In Wendy Sherman, the Biden administration has sent its most experienced negotiator into the fray, in an attempt to fend off a Russian invasion of Ukraine and a new conflict in Europe.
No one in government has spent more time in high-stakes talks with hostile states than the 72-year-old deputy secretary of state, who has represented the US at two rounds of critical discussions with Russia this week.
She was part of an extraordinary mission 23 years ago, led by the former defence secretary William Perry, to try to do a deal with North Korea.
For many North Koreans, it was the first time they had seen an American, and the regime went all-out to put on a show of a joyfully contented country. At one point, a bus stopped in front of the delegation, seemingly by chance, and its passengers poured out and went straight into a dance routine.
“Everything was supposed to be ‘spontaneous’,” Sherman later told the Guardian. “And there was a cameraman following everything we did with a 1950s hand-cranked camera. It was all rather surreal.
“When we wanted to talk, we walked outside, even knowing there might be bugs in the trees. When we wanted to get a message across and were not sure who we should be talking to, we would sit in a waiting room and speak, knowing we were being listened to.”
Sherman did not set out to be a diplomat. She was an activist first, working as a social worker in Baltimore, trying to make affordable housing more available. After jobs as a staffer in Congress and the Democratic National Committee, she ran Emily’s List, an organisation committed to raising funds for pro-choice Democratic women’s candidates.
That background combined with her deep involvement in negotiating the 2015 nuclear deal with Iran, have made her the subject of deep Republican suspicion. But her experience and cool demeanour won over enough Republicans to win Senate confirmation as deputy secretary of state, by 56 votes to 42.
While the former secretary of state John Kerry would fly in at critical moments of the Iranian talks, it was Sherman who led the day-to-day negotiations for the US – a feat of stamina as the discussions frequently went deep into the night.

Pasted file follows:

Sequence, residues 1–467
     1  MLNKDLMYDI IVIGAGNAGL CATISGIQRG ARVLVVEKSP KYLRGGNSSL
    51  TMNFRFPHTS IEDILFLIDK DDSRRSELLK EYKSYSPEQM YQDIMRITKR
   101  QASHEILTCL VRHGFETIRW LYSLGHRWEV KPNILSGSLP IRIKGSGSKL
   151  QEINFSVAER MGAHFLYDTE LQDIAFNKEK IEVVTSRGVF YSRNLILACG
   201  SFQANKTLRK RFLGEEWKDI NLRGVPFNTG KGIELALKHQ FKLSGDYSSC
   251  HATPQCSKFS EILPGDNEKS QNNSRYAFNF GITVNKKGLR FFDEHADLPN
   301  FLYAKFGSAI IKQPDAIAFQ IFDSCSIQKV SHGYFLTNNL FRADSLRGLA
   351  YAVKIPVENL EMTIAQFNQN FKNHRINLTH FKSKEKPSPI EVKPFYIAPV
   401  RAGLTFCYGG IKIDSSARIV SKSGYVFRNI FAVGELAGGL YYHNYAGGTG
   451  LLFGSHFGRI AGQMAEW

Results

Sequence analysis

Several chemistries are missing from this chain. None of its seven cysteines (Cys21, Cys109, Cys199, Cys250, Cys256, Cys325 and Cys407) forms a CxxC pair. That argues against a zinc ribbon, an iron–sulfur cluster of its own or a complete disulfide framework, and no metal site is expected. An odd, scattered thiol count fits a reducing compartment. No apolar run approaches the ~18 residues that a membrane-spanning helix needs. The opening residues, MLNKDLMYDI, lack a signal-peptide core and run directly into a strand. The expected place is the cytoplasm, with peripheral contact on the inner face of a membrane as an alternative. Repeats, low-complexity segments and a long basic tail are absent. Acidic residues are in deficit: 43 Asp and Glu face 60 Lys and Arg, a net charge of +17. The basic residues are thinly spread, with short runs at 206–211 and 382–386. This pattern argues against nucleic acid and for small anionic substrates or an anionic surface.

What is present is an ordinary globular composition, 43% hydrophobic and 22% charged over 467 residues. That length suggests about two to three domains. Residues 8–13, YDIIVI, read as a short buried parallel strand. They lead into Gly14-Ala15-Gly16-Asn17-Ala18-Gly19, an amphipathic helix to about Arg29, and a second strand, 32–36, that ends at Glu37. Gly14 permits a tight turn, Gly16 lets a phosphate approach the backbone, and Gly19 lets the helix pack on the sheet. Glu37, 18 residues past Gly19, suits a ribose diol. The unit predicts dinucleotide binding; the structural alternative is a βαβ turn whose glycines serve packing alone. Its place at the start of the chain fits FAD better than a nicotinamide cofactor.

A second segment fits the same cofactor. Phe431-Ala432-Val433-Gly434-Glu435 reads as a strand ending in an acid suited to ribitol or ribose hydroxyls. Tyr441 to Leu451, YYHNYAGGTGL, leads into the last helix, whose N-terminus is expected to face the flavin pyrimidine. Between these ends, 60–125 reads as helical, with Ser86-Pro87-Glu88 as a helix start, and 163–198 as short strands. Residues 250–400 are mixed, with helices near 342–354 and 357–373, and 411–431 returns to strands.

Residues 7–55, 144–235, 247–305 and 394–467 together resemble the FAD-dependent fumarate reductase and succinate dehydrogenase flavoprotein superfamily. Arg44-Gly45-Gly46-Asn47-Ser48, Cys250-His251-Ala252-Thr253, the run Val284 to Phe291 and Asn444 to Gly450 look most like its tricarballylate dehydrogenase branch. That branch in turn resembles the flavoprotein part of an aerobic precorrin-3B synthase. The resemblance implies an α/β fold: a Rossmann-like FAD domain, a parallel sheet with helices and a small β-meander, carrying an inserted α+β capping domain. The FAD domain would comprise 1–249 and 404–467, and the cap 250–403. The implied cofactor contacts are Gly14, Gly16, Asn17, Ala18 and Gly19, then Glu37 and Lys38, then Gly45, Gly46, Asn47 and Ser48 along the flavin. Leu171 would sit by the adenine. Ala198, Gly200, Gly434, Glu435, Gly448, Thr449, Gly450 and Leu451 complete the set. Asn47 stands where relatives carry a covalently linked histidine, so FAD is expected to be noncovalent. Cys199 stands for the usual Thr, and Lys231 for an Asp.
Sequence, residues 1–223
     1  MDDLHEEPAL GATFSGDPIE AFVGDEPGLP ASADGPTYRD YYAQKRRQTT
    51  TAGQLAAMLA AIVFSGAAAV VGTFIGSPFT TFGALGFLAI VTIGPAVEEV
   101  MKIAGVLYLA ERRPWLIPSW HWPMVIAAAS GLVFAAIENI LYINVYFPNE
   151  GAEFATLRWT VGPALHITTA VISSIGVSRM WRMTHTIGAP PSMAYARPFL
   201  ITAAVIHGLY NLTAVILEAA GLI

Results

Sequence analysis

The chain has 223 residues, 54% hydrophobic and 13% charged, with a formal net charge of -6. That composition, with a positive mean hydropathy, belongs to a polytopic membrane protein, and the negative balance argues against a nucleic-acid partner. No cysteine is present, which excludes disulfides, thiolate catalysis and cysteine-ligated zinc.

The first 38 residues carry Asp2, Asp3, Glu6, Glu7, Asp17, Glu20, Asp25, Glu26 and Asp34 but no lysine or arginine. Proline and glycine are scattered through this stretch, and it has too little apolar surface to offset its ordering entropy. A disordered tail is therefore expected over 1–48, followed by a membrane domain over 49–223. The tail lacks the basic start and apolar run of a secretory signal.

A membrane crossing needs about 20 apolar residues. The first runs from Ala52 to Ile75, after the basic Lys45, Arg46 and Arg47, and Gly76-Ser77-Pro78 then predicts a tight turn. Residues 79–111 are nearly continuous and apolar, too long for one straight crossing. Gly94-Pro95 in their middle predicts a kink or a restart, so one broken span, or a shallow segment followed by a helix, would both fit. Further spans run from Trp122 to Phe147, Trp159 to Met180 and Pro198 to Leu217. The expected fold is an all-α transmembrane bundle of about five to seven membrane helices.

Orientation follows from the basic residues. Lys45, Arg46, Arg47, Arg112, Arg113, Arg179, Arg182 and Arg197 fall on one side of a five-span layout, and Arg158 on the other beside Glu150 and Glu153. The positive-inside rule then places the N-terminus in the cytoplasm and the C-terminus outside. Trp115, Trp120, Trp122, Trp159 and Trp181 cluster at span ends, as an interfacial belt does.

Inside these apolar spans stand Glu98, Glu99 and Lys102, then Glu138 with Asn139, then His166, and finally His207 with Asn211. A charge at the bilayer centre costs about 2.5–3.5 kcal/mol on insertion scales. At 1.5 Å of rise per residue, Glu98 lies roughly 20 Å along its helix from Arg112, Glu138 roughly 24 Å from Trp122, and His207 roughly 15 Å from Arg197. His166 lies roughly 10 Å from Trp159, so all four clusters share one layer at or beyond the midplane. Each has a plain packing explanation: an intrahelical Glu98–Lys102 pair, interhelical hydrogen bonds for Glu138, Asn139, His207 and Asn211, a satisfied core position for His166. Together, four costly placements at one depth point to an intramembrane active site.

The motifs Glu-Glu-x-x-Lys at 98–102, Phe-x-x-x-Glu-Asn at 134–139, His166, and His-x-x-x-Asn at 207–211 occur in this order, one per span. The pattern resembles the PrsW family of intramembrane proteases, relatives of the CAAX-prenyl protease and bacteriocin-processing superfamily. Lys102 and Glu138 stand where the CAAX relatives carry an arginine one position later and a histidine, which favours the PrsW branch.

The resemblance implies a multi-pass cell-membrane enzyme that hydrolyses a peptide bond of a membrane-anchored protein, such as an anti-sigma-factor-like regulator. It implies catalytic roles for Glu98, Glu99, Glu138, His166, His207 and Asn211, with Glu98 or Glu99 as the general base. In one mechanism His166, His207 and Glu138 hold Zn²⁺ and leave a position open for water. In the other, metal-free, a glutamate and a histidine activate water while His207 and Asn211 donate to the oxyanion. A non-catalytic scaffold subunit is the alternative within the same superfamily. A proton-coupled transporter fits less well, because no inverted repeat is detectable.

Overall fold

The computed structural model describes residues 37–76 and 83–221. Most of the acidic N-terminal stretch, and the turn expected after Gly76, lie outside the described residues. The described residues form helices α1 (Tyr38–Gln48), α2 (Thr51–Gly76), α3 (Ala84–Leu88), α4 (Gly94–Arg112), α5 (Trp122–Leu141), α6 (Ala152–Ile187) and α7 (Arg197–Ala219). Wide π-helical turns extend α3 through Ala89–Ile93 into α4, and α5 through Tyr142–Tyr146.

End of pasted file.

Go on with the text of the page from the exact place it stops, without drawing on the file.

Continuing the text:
Laura Rozen, who covered the Iran nuclear talks from beginning to end and who now writes the Diplomatic Substack newsletters, recalls a European diplomat observing that, while the Iranians got on better with Kerry, Sherman was seen as the more effective negotiator.
“What I think about a lot, watching Sherman doing high-stakes [nuclear] diplomacy with Iran and now with Russia, is her mantra, that the skills are transferrable,” Rozen said. “She trained as a social worker and came into foreign policy through Democratic party politics … and now, as a 72-year-old grandmother, Sherman is working with her former Russian counterpart in the Iran nuclear deal talks [Russian Deputy FM Sergey Ryabkov], to see if the US/transatlantic alliance and Russia can agree on diplomatic solutions to avert war and preserve European peace and security.”
The short silver hair and metal-rimmed glasses add to her reputation as a steely, no-nonsense negotiator, but her friend Douglas Rediker, an economist who was formerly the US representative on the executive board of the International Monetary Fund, insists that there is a softer side, that also enhances her skills as a negotiator.
“It’s trite but she is tough as nails, she is smart as a whip and she is also enormously human,” Rediker said. “There are some people who are extremely tough and experienced to the point where they are so cynical, that they lose the element of humanity.
“Wendy can act like and think like a person as well as someone simply espousing the mandate that she’s been given.”